Thursday, August 24, 2017

7 February 2017 Collier State Park and Picayune Strand State Forest

Today was the new and the old for us. We started the day with a visit to a state park we had not visited and ended the day at a familiar state forest. Our first stop was at Collier State Park. The state park is host to Florida's oldest geocache. After we paid our admission we made our first stop at a tourist spot, the resting place of the Bay City Walking Dredge. This is the remaining dredge of 145 built to dredge the Everglades and Big Cypress Swamp to build the Tamiami Trail. The machine dredged the swamp at a rate of five to eight feet every thirty seconds.

Our first cache included a very nice hawk sighting,

Collier has many royal palms. They are tall majestic trees and aquatic plants along the boardwalk.

We moved to a quieter section of the park to hunt the oldest cache in Florida. It seemed a perfect place to see an alligator or two, but there were none today so we just enjoyed the other sights.

Mangrove Buckeye Butterfly

We found it! The oldest cache in Florida and the rustiest ammo can we've found. This one is nearing structrual failure from the rust.

This is an interesting flower that we can't identify.

White Peacock Butterfly

After Collier State Park, we returned to a familiar place for a hike at Picayune Strand State Forest. The forest had been cleared of much of the lower growth of cabbage palms since our last visit. It was a more open walk and an interesting revisit.

Mockingbird on the trail

We missed seeing melaleuca trees on our last visit to Picayune Strand. They are non-native and invasive trees the state is trying to control. They were planted to drain swamps. Now they grow aggressively forcing out native plants. They are weird to touch with a spongy texture that flexes somewhat like a squeezed roll of paper towels.

The Zebra Longwing has been Florida's state butterfly since 1996. They are plentiful, but elusive for images. This was one among many that we saw along a small stretch of trail.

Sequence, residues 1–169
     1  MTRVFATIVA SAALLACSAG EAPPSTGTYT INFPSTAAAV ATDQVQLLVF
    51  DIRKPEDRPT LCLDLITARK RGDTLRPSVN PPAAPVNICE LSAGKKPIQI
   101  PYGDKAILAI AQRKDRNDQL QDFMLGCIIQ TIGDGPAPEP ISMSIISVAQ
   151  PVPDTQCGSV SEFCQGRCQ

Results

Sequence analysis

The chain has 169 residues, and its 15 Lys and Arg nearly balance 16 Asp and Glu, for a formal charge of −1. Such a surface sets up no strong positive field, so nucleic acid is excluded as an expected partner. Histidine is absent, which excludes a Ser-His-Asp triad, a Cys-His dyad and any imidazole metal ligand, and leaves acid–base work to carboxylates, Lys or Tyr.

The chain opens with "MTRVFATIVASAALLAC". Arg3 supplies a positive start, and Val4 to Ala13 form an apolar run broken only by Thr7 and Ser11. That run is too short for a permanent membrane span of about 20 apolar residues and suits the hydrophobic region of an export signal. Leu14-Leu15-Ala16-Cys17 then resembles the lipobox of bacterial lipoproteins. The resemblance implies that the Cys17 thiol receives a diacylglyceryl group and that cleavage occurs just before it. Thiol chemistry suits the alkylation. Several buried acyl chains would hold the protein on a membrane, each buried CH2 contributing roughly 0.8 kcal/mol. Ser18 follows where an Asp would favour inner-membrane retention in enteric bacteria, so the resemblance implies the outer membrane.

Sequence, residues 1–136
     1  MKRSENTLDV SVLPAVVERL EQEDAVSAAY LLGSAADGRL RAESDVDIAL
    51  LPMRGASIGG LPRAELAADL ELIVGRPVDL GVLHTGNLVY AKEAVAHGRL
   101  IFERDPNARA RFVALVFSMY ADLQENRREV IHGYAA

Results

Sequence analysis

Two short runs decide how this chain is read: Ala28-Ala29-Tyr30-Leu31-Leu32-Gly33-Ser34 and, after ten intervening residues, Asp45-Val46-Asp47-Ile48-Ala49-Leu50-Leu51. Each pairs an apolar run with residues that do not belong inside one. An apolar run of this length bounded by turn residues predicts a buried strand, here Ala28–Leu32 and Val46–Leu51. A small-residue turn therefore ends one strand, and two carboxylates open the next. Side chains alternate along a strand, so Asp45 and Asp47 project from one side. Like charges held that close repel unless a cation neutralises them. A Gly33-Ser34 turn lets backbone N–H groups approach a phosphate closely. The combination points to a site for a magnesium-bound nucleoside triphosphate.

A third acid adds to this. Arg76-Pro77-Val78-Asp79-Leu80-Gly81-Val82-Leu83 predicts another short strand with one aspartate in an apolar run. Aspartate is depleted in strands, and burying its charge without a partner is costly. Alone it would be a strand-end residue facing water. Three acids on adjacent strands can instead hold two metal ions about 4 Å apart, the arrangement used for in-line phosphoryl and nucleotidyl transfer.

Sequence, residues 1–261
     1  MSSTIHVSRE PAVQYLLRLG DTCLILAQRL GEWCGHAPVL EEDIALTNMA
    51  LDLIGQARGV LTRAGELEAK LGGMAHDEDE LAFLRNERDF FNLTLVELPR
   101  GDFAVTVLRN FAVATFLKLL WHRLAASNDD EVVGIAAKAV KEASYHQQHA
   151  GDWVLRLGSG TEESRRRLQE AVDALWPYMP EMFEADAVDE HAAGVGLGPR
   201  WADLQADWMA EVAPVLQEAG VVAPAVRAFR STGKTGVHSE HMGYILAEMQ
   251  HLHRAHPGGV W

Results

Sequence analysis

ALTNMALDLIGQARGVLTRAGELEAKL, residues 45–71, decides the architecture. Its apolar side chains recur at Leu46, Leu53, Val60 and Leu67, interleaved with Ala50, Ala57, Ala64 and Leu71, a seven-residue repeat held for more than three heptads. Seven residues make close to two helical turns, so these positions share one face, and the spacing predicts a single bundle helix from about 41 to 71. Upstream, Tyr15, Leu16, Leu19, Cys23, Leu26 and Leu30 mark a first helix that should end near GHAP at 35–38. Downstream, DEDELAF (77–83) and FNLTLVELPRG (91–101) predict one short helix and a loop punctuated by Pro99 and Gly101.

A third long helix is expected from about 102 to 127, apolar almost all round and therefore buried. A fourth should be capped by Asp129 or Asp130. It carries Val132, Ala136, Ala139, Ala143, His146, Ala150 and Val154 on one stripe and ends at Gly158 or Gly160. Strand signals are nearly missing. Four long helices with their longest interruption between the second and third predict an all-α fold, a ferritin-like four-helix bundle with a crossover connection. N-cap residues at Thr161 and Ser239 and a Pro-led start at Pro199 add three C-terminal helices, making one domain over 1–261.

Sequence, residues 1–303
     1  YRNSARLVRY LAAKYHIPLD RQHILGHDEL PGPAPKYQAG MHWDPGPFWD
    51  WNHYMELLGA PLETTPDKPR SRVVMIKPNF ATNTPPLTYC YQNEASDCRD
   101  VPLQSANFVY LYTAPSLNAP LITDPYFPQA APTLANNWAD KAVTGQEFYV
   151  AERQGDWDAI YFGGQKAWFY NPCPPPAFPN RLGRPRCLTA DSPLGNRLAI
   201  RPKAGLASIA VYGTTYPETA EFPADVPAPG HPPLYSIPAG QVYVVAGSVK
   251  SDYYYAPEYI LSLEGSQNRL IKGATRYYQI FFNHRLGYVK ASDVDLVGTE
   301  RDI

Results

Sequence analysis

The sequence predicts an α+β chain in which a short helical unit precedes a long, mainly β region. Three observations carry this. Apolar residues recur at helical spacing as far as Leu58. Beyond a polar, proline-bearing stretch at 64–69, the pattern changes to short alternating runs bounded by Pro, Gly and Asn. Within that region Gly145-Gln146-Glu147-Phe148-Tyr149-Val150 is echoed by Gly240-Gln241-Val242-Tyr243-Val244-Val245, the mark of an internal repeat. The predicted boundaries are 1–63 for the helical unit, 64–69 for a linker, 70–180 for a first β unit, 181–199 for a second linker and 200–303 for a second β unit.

We spotted a number of paw prints on the trail this afternoon, but no panthers. They were about the right size.

Sunset along the Sabal Palm Trail

Thursday, August 17, 2017

6 February 2017 Carlton Preserve and LaBelle

Our first stop of the day was a visit to Carlton Preserve. We were here for a few lonely caches, one of which hadn't been found in two years. We were also here to explore and enjoy the sights. The wild boar grunts we encountered on the trail were just an added bonus. I was really happy the boar wasn't offended by our presence and stopped at a few grunts.

A Trailside Lizard

Part of the preserve had recently been burned. There was a geocache back in the area. We were happy to see the ammo can was at the edge of the burn zone and had survived.

Walking along the tea-colored Myakka River

The Myakka is at least ten feet lower than this grassy area by a pavillion. Considering the rise needed to even flood the grassy area, the top mark for June 2012 was over my head.

As the day wore on we eventually ended up at Port Labelle. After deciding not to hunt a cache at what may be Florida's sleepiest marina and finding a cache in the parking lot of the Port Labelle Inn, I was wondering if it was time to shut down the day, but we made our way to a nearby virtual. The virtual sent us to a nearby park where we we supposed to make an observation about the island at the park. We arrived and same a number of shore birds along the shore with a quiet island behind.

We were a little perplexed as to why there was a virtual here. The we saw the other island. There were many, many birds. More were arriving as we watched.

They kept arriving...

In the midst of all this frenzied bird activity, we were treated to an egret in breeding plumage.

It was an amazing, memorable sight and a great way to end the day.

Saturday, August 12, 2017

5 February 2017 Myakka River State Park

We were barely parked near the trailhead and out of the georental when the shore sightings started at the park. It was a memorable site before we left the parking area.

Success! A number of fish were meals today for the birds on the water.

We really did hike for a bit between watching the water.


We also found some nicely hidden geocaches along the way.

Sychronised fishing

Ou first lizard for the trip

They grow them big along the Myakka.

A long view of the Myakka

All the birds were successful fishing today.

Another cache found

and Another Lizard

We slowly made our way through the park sampling caches and the views.

There were so many beautiful birds here.

Well, maybe not all of them

This was the first boar cage we have seen in the woods.

Ammo cans get rusty in these marshes.

Our last big birding spot of the day was a viewing platform. We were happy to spot some birds we had yet to see on this day.

We were happier for a surprise

or two.

It was interesting to see other people at the platform who were so busy taking selfies they completely missed the one take off from shore and fly over the platform while gaining altitude. We left a lot of unfound caches at the state park for another visit...